Step 1: Data
The NRMP [National Resident Matching Program] publishes data on matching outcomes every 2 years. This resource is known as "Charting Outcomes in the Match for
International Medical Graduates", and it's an extremely valuable data set. For each specialty, the NRMP includes remarkably specific data points, such as how many applicants with a USMLE score below 220 were able to match into internal medicine in the 2018 cycle.
The NRMP also surveys program directors (PDs) in every specialty. The PDs report on the factors that are most important to them in deciding whom to interview and whom to rank.
Step 2: U.S Clinical Experience
As an IMG, you undoubtedly had significant clinical experience prior to your decision to seek training in the U.S. Although you may have had excellent clinical training in your native country, the reality of the matter is that your past experience will carry little weight in the residency selection process.
Far more important to programs is the depth and breadth of your clinical involvement here in the U.S. Lack of U.S. clinical experience is a major reason why applicants fail to match.
Although programs require or recommend U.S. clinical experience, it can be difficult to secure such rotations. To help ease the process, we have created a list of observership and externship opportunities in different specialties.
We also offer clinical rotation experiences for IMGs. These rotations have all been created by Dr. Samir Desai in partnership with dedicated physician mentors. We invite you to explore our opportunities below.
Once you've secured a rotation, your next order of business is to excel during the rotation. This requires that you have a strong understanding of the roles and responsibilities of healthcare professionals on the team, the differences between patients in the U.S. and elsewhere, and the non-cognitive skills and qualities that are highly valued in the U.S. healthcare system. Your ability to make a strong impression will be crucial to your chances of landing an outstanding letter of recommendation.
Because of unfamiliarity with the system and the way in which care is delivered, talented IMGs often fall short of making a strong impression upon attendings and faculty members. To help you succeed in this crucial area, we have developed the resource "Success on the Wards." This book is a recommended or required resource at many U.S. medical schools, particularly when students transition from the basic science to clinical years. Feedback we have received from IMGs indicates that our resource has also helped IMGs perform at a high level sooner rather than later in the rotation. We invite you to learn more about "Success on the Wards."
One important goal of your rotation is to obtain a strong letter of recommendation from your faculty preceptor or attending physician. Increasingly, letter writers are asking applicants to submit a letter draft first. Letter writers will then use this draft as the basis for their letter. If you've been asked to submit a letter draft, feel free to contact us for assistance. Dr. Samir Desai has considerable experience writing powerful letters of recommendation.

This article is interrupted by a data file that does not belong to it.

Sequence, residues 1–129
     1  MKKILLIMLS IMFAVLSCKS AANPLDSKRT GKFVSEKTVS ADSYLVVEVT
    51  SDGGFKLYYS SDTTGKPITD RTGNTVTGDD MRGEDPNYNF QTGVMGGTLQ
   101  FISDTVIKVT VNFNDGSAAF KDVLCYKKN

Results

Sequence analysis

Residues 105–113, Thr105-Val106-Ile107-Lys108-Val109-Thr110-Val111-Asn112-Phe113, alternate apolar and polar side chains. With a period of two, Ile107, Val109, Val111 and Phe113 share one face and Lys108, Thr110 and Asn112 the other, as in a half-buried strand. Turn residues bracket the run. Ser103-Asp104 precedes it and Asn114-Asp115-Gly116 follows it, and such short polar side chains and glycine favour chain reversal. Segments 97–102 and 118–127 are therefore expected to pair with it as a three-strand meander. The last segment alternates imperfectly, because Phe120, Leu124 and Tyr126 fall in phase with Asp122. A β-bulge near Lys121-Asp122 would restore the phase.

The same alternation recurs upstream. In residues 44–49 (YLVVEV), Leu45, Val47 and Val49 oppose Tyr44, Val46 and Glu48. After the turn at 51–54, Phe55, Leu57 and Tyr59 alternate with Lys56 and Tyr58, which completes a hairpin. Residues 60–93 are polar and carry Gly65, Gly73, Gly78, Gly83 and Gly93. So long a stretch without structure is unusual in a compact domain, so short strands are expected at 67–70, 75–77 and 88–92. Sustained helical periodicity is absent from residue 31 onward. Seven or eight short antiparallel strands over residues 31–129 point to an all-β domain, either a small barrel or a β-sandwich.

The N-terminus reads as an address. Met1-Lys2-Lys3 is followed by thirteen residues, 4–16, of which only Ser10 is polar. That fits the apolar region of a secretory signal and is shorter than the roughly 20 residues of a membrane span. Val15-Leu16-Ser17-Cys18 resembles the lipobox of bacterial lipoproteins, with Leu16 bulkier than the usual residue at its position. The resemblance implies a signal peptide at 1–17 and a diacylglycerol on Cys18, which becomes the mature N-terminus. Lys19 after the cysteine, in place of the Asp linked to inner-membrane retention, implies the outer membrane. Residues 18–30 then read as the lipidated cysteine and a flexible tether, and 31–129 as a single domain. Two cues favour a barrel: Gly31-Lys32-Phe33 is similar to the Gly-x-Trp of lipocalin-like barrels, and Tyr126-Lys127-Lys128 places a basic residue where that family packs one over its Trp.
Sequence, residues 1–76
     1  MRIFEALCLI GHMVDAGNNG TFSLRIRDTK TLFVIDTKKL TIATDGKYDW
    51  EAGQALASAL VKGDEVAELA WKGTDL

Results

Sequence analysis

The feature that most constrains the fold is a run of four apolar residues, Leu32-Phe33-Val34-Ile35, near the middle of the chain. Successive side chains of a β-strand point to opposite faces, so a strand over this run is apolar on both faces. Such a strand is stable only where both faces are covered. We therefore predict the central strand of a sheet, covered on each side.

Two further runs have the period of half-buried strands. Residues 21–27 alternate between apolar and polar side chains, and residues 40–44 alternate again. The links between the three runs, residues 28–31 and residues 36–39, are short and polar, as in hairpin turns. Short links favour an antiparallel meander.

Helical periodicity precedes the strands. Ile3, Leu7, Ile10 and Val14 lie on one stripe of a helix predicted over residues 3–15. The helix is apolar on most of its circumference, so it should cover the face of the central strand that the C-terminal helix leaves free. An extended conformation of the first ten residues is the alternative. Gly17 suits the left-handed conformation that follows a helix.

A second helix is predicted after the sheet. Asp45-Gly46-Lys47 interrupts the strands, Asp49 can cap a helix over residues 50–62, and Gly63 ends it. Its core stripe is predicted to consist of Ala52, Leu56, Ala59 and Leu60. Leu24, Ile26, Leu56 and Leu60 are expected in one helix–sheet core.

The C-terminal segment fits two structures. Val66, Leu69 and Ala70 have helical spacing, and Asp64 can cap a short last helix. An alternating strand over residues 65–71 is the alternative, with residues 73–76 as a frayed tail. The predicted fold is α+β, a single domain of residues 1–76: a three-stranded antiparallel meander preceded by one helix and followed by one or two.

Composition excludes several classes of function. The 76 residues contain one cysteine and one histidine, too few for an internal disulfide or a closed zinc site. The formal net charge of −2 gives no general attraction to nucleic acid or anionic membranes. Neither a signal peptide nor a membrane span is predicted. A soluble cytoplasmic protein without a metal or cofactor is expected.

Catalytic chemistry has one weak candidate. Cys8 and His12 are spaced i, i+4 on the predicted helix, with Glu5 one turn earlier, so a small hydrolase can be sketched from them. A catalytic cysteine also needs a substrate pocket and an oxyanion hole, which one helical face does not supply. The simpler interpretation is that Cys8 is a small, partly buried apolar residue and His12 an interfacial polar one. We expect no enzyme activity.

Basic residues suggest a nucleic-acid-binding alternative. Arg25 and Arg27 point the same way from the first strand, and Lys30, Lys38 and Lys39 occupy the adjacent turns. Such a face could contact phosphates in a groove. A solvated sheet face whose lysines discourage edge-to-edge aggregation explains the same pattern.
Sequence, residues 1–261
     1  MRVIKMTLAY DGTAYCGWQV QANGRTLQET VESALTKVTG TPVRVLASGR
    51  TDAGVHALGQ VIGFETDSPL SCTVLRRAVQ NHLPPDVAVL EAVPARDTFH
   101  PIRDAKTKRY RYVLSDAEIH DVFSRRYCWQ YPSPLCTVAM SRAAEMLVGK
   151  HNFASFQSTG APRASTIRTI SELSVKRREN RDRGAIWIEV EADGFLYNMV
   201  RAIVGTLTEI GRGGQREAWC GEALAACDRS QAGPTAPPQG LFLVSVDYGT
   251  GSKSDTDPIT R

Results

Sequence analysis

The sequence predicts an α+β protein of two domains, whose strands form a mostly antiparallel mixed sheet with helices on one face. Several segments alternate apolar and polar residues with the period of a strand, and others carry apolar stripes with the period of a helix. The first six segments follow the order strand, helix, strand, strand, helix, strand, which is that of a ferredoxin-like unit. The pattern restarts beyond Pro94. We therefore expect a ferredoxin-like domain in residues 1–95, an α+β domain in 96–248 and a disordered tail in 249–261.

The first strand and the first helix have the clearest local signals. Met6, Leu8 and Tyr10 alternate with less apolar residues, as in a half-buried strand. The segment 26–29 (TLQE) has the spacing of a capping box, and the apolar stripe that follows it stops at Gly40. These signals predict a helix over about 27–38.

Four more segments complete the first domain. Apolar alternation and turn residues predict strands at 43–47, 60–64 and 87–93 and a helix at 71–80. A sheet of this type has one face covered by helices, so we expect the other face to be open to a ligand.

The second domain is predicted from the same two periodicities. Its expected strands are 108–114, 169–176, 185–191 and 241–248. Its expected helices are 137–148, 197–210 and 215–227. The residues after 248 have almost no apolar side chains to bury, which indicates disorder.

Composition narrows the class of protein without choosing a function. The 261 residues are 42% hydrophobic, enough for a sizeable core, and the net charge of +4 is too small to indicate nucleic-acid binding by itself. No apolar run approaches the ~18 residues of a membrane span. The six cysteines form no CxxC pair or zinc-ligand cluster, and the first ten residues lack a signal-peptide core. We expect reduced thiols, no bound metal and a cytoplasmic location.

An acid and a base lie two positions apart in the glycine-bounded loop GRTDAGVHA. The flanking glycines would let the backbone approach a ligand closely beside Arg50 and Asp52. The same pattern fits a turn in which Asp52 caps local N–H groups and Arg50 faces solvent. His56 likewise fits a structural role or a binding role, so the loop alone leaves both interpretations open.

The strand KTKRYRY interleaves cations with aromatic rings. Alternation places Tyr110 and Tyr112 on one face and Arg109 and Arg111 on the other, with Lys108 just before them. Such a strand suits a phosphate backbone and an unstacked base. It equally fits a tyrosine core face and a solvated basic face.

Step 3: Advance Planning
International medical students and graduates are making important contributions in patient care, research, teaching, advocacy, and leadership, and may be recognized for these efforts. Awards can provide a significant boost to the strengh of the residency application, and distinguish an applicant form this peers.
We recently wrote the book "Medical School Scholarships, Grants, & Awards." Through this process, we've become familiar with grants and awards open to both U.S. medical students and IMGs.
While it's true that many awards are only open to U.S. medical students, a surprising number are also available to international medical students and graduates. As competition for residency positions intensifies, applicants who've won awards will stand out from their peers. In 2015, we wrote an article describing 10 awards that can enhance the credentials of IMG applicants at StudentDoc.com (see link below).
Step 4: Take Action
Are you an IMG interested in exploring pathology as a career choice? Or an IMG working on strengthening your credentials because you've decided on anesthesiology as a career choice?
Or are you an IMG getting ready to apply to the top internal medicine programs in the country? Perhaps you are an IMG who is concerned about matching successfully because of a low USMLE score?
If any of these apply, you need to take action. And that involves a series of steps to bolster your credentials and strengthen your application.
Our specialty-specific action items walk you through the process. These recommendations are applicable to both pre-clinical and clinical students.
Step 5: Residency Interview Resources
Step 6: Future Directions
We're constantly reviewing the literature on future directions in medicine, and especially as these relate to particular specialties. What is the future jobs outlook for radiology? What are some of the changes in store for the field of anesthesiology? If you're planning to enter a particular field, these articles make for fascinating, thought-provoking reading. They can also serve as valuable preparation for residency interviews.